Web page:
19. “Writing’s On The Wall” – Sam Smith – From Spectre
Sam Smith cleans up at the 2015 Grammy Awards and the next thing you know he’s recording a Bond theme. His voice is strong, the arrangement is evocative, but it’s hard to escape the feeling that this very much sounds like Smith’s previous work and is a personal piece about his relationships. A singer should bring their own style into the mix for a project like this, but not to the extent where it sounds like he’s moping about his love life. It would’ve been a great addition to his next record, not to the list of Bond themes.
18. “Thunderball” – Tom Jones
“They call him the winner who takes all/And he strikes, like Thunderball.” …Just uh, how exactly does a Thunderball strike? They really had to force the title into the lyric here. The orchestral flourish that opens the song gets real repetitive real fast, but man can Tom Jones belt it out. The last note he sings is phenomenal and helps prop up an otherwise mediocre number.
17. “Moonraker” – Shirley Bassey
As of 2015 and the release of Spectre, Shirley Bassey remains the only artist to have recorded more than one Bond song, having given her vocals to three of them. This is not only the weakest of the trio, but is also one of the weaker themes in general. It’s a moving ballad, that part can’t be denied, but unlike her other tracks, this one doesn’t do the Bond style and sound any justice. If it were sung by any other person it would be lower on the list, but Shirley Bassey remains an exceptional vocalist. Oh, and if you thought trying to logically work the term “thunderball” into a lyric was a stretch, “moonraker” isn’t much better.
16. “You Only Live Twice” – Nancy Sinatra
Nancy Sinatra doesn’t display a tremendous amount of range as a singer here but she does have a great edge to her voice. The musical arrangement is distinctly different for a Bond film but makes more sense considering the Asian setting it takes place in. Is it a bad song? No, but there are better ones in the series.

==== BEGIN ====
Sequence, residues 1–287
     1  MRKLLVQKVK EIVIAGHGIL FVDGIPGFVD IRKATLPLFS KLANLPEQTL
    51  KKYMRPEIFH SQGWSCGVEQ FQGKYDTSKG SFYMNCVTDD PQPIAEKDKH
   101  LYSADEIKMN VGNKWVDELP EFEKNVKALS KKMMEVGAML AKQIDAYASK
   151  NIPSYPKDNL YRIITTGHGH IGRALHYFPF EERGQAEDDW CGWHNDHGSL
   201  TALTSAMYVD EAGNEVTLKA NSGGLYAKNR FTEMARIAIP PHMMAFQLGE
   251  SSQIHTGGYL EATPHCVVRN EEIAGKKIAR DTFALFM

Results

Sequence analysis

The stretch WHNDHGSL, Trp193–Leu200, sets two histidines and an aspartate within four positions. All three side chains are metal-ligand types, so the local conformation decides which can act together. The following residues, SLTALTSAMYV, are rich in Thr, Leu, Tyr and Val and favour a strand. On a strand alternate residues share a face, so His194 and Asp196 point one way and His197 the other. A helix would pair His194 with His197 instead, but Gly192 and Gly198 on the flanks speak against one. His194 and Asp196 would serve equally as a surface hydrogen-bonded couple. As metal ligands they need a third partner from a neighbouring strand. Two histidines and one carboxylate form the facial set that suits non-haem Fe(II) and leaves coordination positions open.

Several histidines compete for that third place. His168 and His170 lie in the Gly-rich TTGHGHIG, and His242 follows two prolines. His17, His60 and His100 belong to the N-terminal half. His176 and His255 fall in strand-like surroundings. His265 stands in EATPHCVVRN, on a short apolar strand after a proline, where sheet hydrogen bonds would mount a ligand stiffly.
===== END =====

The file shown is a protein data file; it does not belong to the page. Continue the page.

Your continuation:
15. “License to Kill” – Gladys Knight
Gladys sings the hell out of this one; all nearly five and a half minutes of it. “License to Kill” smartly copies the distinct horn section of “Goldfinger” and then lets Gladys go to town with her soulful vocals. It does drag on far longer than it needs to though. The song doesn’t do anything in five minutes that it couldn’t do in three and thus it gets a little dull as it continues
14. “Tomorrow Never Dies” – Sheryl Crow
The first 13 seconds of this song are some of the best ever recorded for a Bond theme. Now if only the rest of it were at that level. The arrangement and Crow’s singing alternate between restrained verses and and a large, sweeping chorus. Like the movie itself, it’s a middle of the pack song that doesn’t do a lot of things wrong, does some things remarkably right, and leaves itself open to be loved by some and tolerated by others.
13. “For Your Eyes Only” – Sheena Easton
You can certainly tell this is from the ’80s Bond pictures. This is easily one of the poppier themes, but in a good way. Easton nails the vocal, captures the emotion of the lyric, and similar to Crow, knows how to alternate between a hushed verse and full throated chorus. All that being said, it does sound like something you’d hear in the waiting room of a dentist’s office. Not that there’s anything wrong with that…welcome to the nature of ’80s pop.
12. “From Russia With Love” – Matt Monro
An instrumental version of the song opens the film, a fully sung one closes it. It’s a fairly simple track with an understated percussion performance and string arrangement. Lyrically it incorporates the title rather effectively and actually makes more sense with the end of the film as opposed to beginning. This track gets the most credit though for letting Monro’s wonderful voice really be the driving force behind it all.